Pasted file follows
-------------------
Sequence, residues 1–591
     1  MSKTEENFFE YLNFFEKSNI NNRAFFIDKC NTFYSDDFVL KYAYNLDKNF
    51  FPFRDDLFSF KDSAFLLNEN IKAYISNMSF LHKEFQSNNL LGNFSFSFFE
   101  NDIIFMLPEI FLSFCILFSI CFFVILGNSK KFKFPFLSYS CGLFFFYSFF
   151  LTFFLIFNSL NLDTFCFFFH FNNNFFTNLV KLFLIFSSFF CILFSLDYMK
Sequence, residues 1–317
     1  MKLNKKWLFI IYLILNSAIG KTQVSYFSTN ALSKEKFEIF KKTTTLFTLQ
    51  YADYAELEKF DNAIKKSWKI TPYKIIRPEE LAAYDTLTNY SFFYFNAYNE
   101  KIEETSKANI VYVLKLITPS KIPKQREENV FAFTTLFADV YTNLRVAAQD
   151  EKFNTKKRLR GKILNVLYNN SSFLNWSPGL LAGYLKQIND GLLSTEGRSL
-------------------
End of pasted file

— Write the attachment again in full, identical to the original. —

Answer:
Sequence, residues 1–591
     1  MSKTEENFFE YLNFFEKSNI NNRAFFIDKC NTFYSDDFVL KYAYNLDKNF
    51  FPFRDDLFSF KDSAFLLNEN IKAYISNMSF LHKEFQSNNL LGNFSFSFFE
   101  NDIIFMLPEI FLSFCILFSI CFFVILGNSK KFKFPFLSYS CGLFFFYSFF
   151  LTFFLIFNSL NLDTFCFFFH FNNNFFTNLV KLFLIFSSFF CILFSLDYMK
Sequence, residues 1–317
     1  MKLNKKWLFI IYLILNSAIG KTQVSYFSTN ALSKEKFEIF KKTTTLFTLQ
    51  YADYAELEKF DNAIKKSWKI TPYKIIRPEE LAAYDTLTNY SFFYFNAYNE
   101  KIEETSKANI VYVLKLITPS KIPKQREENV FAFTTLFADV YTNLRVAAQD
   151  EKFNTKKRLR GKILNVLYNN SSFLNWSPGL LAGYLKQIND GLLSTEGRSL